Script to poll FW drives every 10min?

Discussion in 'Mac Programming' started by LethalWolfe, Jun 30, 2007.

  1. LethalWolfe macrumors G3


    Jan 11, 2002
    Los Angeles
    I have 3 FW drives that go to sleep (no matter what) and I was wondering how to make an Apple Script that could poll the drives every X minutes to keep them awake. I've never worke w/Apple Script before so guidance would be great, and someone actually writing the script for me would be awesome. :D

  2. Super Macho Man macrumors 6502a

    Super Macho Man

    Jul 24, 2006
    Hollywood, CA
    Were you aware of pmset? I think "pmset -a disksleep 0" should do it, maybe.

    To actually poll the drives, how about a shell script instead - name it "", probably has to be run as root. Could also name it .command instead of .sh in order to make it double-clickable but I'm not sure how it would run as root in that case. (I haven't tested it):

    # Writes 3 empty files to 3 different drives and
    # immediately deletes them every 10 minutes
    for (( i = 1; i > 0; i++ ));
      touch tempfile /Volumes/name_of_drive1
      touch tempfile /Volumes/name_of_drive2
      touch tempfile /Volumes/name_of_drive3
      rm -f /Volumes/name_of_drive1/tempfile
      rm -f /Volumes/name_of_drive2/tempfile
      rm -f /Volumes/name_of_drive3/tempfile
      sleep 600
  3. OutThere macrumors 603


    Dec 19, 2002
    My suggestion would be to use a shell script instead of applescript, and to let cron do the automating, I don't know how much you know about this stuff so I'll keep it simple...

    1) Copy this into a plain text file in TextEdit, change the "drive1/2/3" into the names of your drives, and save it as "" wherever you want.

    ls $a
    ls $b
    ls $c
    That's basically a script that reads out the names of the files in the root of your drives automatically.

    2) Go into the terminal, type:

    sudo cp /the/path/to/ /usr/bin/
    sudo chmod 777 /usr/bin/
    that will copy the shell script to a special folder, and set its permissions to be able to be run

    3) Again in the terminal, type:

    sudo pico /etc/crontab
    then it'll bring up like a really basic text editor, with a list of jobs that your computer will do automatically, so you don't have to run the script by hand. The columns are tab delimited, so keep that in mind. Make the file look like this (or at least add this line if there are others):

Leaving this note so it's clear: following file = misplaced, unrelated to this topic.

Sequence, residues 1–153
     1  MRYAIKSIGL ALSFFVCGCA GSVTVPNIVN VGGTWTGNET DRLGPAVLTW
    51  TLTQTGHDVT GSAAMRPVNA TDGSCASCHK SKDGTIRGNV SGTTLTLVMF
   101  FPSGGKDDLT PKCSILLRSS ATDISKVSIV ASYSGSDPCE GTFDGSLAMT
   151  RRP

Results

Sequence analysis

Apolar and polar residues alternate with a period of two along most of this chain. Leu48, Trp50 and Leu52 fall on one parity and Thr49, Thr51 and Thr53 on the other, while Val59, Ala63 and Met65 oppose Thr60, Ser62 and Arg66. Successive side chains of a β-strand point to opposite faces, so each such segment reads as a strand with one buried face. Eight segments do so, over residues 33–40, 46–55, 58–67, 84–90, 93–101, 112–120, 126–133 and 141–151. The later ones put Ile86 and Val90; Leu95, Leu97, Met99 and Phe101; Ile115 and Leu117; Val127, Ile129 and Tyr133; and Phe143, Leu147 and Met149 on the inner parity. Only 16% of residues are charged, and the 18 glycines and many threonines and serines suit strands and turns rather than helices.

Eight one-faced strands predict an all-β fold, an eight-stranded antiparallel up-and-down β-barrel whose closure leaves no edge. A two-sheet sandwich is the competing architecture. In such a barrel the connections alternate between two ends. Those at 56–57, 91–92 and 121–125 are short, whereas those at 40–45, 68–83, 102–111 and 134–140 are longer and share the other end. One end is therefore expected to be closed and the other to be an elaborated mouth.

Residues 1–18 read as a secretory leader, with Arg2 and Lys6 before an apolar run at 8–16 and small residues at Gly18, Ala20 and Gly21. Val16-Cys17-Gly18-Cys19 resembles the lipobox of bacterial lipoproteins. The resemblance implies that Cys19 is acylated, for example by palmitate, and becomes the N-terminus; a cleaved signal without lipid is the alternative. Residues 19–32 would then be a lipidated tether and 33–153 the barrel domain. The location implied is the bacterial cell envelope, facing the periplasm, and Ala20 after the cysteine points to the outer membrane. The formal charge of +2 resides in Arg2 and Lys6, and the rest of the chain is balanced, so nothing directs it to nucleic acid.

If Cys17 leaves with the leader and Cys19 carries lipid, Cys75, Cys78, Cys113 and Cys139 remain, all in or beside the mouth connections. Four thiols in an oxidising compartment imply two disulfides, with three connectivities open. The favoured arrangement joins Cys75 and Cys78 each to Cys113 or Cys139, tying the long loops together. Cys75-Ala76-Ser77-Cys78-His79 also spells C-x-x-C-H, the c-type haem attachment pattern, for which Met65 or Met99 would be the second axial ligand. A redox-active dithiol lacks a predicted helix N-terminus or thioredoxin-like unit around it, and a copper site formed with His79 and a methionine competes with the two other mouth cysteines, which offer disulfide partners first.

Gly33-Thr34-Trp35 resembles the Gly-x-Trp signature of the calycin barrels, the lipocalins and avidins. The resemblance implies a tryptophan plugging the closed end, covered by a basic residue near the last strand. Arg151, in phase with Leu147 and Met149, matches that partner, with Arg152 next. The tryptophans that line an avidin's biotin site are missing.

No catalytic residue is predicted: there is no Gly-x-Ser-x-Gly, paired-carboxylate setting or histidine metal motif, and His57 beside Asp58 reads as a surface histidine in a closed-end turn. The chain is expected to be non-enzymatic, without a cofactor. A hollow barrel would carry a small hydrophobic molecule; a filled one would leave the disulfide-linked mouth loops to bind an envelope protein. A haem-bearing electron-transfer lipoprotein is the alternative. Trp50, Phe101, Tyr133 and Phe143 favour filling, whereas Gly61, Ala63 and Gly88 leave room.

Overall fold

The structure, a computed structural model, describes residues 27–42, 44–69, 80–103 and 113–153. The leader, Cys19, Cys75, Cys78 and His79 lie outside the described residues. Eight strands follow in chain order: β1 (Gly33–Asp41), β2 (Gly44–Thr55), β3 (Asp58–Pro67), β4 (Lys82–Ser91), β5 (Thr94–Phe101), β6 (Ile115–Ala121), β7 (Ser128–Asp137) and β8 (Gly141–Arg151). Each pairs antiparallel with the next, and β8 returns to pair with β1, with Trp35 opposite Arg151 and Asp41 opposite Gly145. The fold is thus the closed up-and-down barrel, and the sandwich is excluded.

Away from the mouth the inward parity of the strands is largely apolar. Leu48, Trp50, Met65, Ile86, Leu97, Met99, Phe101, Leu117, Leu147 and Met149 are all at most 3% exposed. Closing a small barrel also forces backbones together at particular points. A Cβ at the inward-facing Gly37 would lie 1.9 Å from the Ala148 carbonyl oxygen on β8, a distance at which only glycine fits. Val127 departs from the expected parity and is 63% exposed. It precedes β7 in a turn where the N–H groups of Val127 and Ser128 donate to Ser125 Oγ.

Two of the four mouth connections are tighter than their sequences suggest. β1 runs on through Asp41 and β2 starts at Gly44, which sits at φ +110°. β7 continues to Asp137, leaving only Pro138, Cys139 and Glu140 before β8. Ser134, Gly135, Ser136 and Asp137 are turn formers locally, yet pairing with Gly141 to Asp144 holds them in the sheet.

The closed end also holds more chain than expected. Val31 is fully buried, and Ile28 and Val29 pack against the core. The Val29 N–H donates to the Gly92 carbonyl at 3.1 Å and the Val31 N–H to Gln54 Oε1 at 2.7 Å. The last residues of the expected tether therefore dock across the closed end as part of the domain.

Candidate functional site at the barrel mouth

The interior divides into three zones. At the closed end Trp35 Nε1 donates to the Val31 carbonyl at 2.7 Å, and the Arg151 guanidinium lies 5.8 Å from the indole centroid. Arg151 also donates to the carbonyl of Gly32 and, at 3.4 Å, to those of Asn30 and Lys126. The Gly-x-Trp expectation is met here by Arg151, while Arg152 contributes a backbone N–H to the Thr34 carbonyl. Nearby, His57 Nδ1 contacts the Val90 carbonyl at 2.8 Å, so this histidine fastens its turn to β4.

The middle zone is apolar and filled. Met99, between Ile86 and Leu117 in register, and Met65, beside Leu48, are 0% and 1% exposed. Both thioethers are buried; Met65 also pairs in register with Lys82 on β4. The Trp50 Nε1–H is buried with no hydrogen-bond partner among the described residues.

# The periodic and atrun jobs have moved to launchd jobs
    # See /System/Library/LaunchDaemons
    # minute        hour    mday    month   wday    who     command                        
    */8                                           root    sh /usr/bin/
    That will tell your computer that every 8 minutes it should run the script and get a list of the files on your drives.

    Do all that and your problem should be solved.
  4. LethalWolfe thread starter macrumors G3


    Jan 11, 2002
    Los Angeles
    Cool, thanks guys. I'll try these out in the next day or so.

  5. Poeben macrumors 6502

    Jul 29, 2004
    I've been messing with this for a few days. Here's what I can add to the discussion....

    Tiger no longer uses 'cron' to schedule things. You should be using 'launchd' combined with .plist files. I also chose to use 'touch' instead of 'ls' as it should use less resources, at least if there are many files on the drive. I also made my touched file invisible to the finder by prefixing the filename with a dot.

    So my script is based on the following command:

    touch -m /path/to/.file.txt

    and the .plist (saved in ~/Library/LaunchAgents/) is something along the lines of:
    <?xml version="1.0" encoding="UTF-8"?>
    <!DOCTYPE plist PUBLIC "-//Apple Computer//DTD PLIST 1.0//EN" "">
    <plist version="1.0">
    	<string>Will attempt to keep external drives from spinning down by utilizing the 'touch' command</string>
    You will have to make the script executible

    chmod +x

    You will also likely have to create the ~/Library/LaunchAgents/ directory.

    You set everything in motion using:

    launchctl load ~/Library/LaunchAgents/<your_plist_file.plist>

    I found this site helpful.
  6. SC68Cal macrumors 68000

    Feb 23, 2006
    Bad Idea. Very Very BAD IDEA. That is way too insecure. Anyone will be able to modify that script into something malicious. You'd get your box owned in no time flat.

    I suggest 700 and not running it as root
  7. zimv20 macrumors 601


    Jul 18, 2002
    for clarification: scripts launched from that location will run iff the relevant user is logged in. for the task at hand, that's probably fine.

    for those who wish to run a script without regard to who is logged in or not, the .plist file should be placed in:

    obviously, one has to be logged into root both to do the copy and run the launchctl load command.

    also: run launchctl list to verify your load command worked. run launchctl unload <name of .plist> to unload it.

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